- Open Access
iTRAQ-based quantitative analysis of age-specific variations in salivary proteome of caries-susceptible individuals
Journal of Translational Medicinevolume 16, Article number: 293 (2018)
Human saliva is a protein-rich, easily accessible source of potential biomarkers for the diagnosis of oral and systemic diseases. However, little is known about the changes in salivary proteome associated with aging of patients with dental caries. Here, we applied isobaric tags for relative and absolute quantitation (iTRAQ) in combination with multiple reaction monitoring mass spectrometry (MRM-MS) to characterize the salivary proteome profiles of subjects of different ages, presenting with and without caries, with the aim of identifying age-related biomarkers for dental caries.
Unstimulated whole saliva samples were collected from 40 caries-free and caries-susceptible young adults and elderly individuals. Salivary proteins were extracted, reduced, alkylated, digested with trypsin and then analyzed using iTRAQ-coupled LC–MS/MS, followed by GO annotation, biological pathway analysis, hierarchical clustering analysis, and protein–protein interaction analysis. Candidate verification was then conducted using MRM-MS.
Among 658 salivary proteins identified using tandem mass spectrometry, 435 proteins exhibited altered expression patterns in different age groups with and without caries. Of these proteins, 96 displayed age-specific changes among caries-susceptible adults and elderly individuals, and were mainly associated with salivary secretion pathway, while 110 age-specific proteins were identified among healthy individuals. It was found that the age factor caused significant variations and played an important role in both healthy and cariogenic salivary proteomes. Subsequently, a total of 136 target proteins with complex protein–protein interactions, including 14 age-specific proteins associated with caries, were further successfully validated using MRM analysis. Moreover, non-age-specific proteins (histatin-1 and BPI fold-containing family B member 1) were verified to be important candidate biomarkers for common dental caries.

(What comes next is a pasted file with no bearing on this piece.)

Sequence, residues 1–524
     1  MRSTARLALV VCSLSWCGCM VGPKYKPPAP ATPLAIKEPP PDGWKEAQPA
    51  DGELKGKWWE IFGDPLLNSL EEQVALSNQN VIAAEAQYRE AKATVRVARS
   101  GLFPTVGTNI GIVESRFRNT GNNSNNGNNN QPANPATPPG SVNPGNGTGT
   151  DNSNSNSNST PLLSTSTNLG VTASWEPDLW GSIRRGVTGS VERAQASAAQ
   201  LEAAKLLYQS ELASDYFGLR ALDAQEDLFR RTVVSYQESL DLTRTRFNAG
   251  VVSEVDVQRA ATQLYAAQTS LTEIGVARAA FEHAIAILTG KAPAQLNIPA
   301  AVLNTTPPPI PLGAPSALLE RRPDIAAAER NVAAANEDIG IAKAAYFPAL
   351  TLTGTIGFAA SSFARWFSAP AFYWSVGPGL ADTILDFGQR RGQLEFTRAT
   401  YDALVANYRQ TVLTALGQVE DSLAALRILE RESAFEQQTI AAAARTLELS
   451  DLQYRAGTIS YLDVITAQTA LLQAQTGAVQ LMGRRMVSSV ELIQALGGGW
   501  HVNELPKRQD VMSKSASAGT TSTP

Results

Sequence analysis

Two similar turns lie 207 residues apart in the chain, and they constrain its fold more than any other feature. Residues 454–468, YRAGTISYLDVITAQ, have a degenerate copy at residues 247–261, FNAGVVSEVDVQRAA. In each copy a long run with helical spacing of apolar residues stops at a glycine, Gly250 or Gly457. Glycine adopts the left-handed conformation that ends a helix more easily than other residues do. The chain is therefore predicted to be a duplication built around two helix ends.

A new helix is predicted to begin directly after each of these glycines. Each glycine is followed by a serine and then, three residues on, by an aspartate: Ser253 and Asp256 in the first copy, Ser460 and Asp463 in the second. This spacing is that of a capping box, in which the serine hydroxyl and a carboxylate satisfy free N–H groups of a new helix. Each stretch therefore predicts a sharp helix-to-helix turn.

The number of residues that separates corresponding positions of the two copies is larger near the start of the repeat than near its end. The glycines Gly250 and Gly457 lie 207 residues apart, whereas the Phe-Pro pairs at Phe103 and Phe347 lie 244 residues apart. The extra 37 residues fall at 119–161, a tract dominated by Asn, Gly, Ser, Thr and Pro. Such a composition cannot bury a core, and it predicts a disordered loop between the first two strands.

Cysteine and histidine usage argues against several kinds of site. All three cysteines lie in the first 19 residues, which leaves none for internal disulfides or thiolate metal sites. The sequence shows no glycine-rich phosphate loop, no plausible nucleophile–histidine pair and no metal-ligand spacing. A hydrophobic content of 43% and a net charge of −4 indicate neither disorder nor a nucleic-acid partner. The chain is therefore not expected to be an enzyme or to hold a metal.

Our proteomic analysis performed using the discovery-through-verification pipeline revealed distinct variations caused by age factor in both healthy and cariogenic salivary proteomes, highlighting the significance of age in the great potential of saliva for caries diagnosis and biomarker discovery.
Human saliva is mainly composed of the secretions from the parotid, submandibular, sublingual and minor salivary glands, with functional roles in protecting against tooth demineralization and microbial infection, participating in acquired enamel pellicle formation, and maintaining of the normal equilibrium buffer state [1,2,3]. Salivary proteins are a smaller component but are still crucial for reflecting the health status or disease susceptibility to oral and systemic pathologies. Alterations in salivary protein composition can be monitored using diagnostics techniques and compared with other clinical parameters. It is known that the composition of saliva varies with the human physiological states . Changes in the production and concentration of saliva with aging have been reported . Age-related variations in the salivary composition and gland morphology have been reported in healthy individuals . Additionally, animal studies have revealed a reduction in salivary protein synthesis with aging . A previous study compared the differences in the composition of the salivary proteome in healthy subjects stratified according to age by means of 2D-SDS-PAGE . However, only limited and conflicting age-related differences have been noted. By contrast, another study reported no significant age-related changes in the salivary composition . Therefore, a thorough understanding of whole saliva is a prerequisite for its diagnostic utility.